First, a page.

Every woman on campus has had it happen: that special time comes a little early and you need a certain something to stop the imminent flood.
Never fear, Aunt Flo is here – but she’s a little swamped and needs some help.
Aunt Flo and the Plug Patrol is a student-run group that has been restocking the tampon and maxi-pad machines around campus for the last year. The group’s founder recently left, making the Plug Patrol an understaffed one-woman show.
Trisha Wallis, a student who worked at the Women’s Center, decided to take on the role of Aunt Flo last year after the vendors responsible for refilling the machines retired, leaving empty dispensers and dismayed campus menstruaters in their wake.
The original Plug Patrol consisted of Wallis and Rebecca Chapman, assistant director of the Resource Center for Sexual & Gender Diversity, who was the Women’s Center librarian when she joined Wallis. They had hoped to recruit more volunteers, but have not yet had any success. Wallis recently graduated and moved away, leaving Chapman in charge as the only remaining plugger.
With only one person taking the responsibility of stocking the many machines on campus, bathroom dispensers often remain barren for extensive periods of time.
“I try to stock two major buildings a week,” Chapman said. “There are over 200 bathrooms on campus, and by the time I get to the dispensers they are always empty.”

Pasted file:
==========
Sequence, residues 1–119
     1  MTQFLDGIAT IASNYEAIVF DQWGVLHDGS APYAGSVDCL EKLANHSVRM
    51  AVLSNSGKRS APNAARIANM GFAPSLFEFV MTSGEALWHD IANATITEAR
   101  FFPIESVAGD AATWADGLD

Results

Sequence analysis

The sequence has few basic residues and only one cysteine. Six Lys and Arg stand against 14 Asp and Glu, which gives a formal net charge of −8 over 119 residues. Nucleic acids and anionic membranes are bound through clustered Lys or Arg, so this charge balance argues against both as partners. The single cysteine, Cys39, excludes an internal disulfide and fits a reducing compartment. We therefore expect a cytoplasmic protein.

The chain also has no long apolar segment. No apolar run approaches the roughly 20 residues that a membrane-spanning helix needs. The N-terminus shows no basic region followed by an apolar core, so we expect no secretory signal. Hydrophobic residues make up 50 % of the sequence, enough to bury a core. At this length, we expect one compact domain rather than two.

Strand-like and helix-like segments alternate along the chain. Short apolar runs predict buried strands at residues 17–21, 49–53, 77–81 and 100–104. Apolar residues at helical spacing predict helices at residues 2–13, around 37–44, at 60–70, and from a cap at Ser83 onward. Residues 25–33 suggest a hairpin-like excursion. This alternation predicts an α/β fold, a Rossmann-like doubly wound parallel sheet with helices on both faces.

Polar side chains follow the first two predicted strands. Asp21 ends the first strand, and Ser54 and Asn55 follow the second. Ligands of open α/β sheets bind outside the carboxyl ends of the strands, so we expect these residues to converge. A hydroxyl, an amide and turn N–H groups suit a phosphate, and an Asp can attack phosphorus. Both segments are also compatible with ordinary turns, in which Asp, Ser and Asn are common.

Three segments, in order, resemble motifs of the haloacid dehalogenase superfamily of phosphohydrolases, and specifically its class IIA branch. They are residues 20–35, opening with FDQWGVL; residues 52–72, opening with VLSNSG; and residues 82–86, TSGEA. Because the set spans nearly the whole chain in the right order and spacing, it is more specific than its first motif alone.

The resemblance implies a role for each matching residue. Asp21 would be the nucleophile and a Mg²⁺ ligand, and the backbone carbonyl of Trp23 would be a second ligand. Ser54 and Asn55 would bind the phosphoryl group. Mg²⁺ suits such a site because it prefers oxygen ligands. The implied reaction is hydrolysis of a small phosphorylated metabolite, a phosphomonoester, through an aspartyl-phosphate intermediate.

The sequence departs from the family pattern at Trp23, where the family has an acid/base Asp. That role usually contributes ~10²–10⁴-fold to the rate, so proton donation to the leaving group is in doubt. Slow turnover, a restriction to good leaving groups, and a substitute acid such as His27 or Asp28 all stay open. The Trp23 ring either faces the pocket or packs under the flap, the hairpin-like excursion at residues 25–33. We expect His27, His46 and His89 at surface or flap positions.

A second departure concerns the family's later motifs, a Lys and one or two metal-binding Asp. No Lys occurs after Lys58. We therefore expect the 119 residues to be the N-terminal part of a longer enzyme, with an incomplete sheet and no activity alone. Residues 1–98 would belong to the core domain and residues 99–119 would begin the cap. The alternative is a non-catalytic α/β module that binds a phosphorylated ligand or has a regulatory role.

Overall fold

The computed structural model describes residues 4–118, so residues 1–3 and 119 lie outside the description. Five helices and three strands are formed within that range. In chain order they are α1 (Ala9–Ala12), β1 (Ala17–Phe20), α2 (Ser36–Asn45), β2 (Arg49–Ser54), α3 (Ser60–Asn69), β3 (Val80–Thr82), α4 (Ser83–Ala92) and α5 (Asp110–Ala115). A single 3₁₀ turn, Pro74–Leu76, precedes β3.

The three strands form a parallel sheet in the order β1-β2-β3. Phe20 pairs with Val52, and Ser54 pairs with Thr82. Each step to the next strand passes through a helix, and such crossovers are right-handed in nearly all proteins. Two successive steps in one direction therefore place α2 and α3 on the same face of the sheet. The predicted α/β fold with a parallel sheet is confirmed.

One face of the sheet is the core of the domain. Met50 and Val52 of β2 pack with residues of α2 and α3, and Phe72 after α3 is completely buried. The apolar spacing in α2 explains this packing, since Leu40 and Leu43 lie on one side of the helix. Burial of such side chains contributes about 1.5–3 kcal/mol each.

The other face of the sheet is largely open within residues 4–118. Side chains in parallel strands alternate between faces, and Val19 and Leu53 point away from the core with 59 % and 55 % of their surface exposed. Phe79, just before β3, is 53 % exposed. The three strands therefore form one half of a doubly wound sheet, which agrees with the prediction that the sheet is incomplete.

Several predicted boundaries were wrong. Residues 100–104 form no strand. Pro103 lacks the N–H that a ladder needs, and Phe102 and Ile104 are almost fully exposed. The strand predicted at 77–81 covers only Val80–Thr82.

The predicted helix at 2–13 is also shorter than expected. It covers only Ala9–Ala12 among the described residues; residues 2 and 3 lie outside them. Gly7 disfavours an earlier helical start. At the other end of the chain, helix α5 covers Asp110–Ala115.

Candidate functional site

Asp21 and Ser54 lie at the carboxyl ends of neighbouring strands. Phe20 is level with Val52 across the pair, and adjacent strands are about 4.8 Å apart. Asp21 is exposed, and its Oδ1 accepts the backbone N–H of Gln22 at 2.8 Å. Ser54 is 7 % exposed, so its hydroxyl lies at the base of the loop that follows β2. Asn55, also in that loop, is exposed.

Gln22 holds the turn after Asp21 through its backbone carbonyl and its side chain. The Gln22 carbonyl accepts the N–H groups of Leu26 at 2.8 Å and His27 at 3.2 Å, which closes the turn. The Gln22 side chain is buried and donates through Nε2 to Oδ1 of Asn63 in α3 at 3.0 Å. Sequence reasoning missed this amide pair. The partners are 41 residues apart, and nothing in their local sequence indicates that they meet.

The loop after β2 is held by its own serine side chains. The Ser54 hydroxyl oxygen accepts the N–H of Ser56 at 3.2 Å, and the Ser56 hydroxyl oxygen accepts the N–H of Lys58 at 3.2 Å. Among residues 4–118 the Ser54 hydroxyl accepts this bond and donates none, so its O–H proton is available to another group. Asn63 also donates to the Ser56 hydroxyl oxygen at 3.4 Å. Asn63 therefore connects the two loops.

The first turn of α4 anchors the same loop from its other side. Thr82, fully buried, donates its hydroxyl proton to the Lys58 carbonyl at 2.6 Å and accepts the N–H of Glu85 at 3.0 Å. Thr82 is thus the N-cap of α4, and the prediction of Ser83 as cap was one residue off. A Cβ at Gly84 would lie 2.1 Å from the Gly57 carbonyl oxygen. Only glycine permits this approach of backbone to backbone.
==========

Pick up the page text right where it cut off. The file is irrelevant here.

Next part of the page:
Chapman is again working to recruit new members to the Plug Patrol to help increase tampon and pad distribution, making it less likely the dispenser will be empty the next time it is needed.
“[The dispensers] are important if you start [menstruating] and don’t have anything and need one really bad,” freshman biology major Jennifer Aidoo said.
Aunt Flo and the Plug Patrol buys tampons and pads for the dispensers wholesale and distribute them for 25 to 50 cents each, earning a profit of about $100 a month. Eventually, the money will be used to fund student groups, Chapman said.
“Hopefully next quarter we will draw up bylaws so that student groups can apply [for funding],” she said.
One of the key time-taxing elements of the dispenser-filling process and the reason why some dispensers charge more than others is that there are several different types of dispensers on campus. Currently, Aunt Flo uses about 50 keys to open the various dispensers around campus, and the machines are old and prone to jamming up, Chapman said. Ultimately, the group would like to work with the university to have uniform dispensers installed throughout campus.
“We’re trying to get facilities management to replace the machines, but they are kind of expensive,” she said.
If you are interested in joining Aunt Flo and the Plug Patrol, please contact Rebecca Chapman at .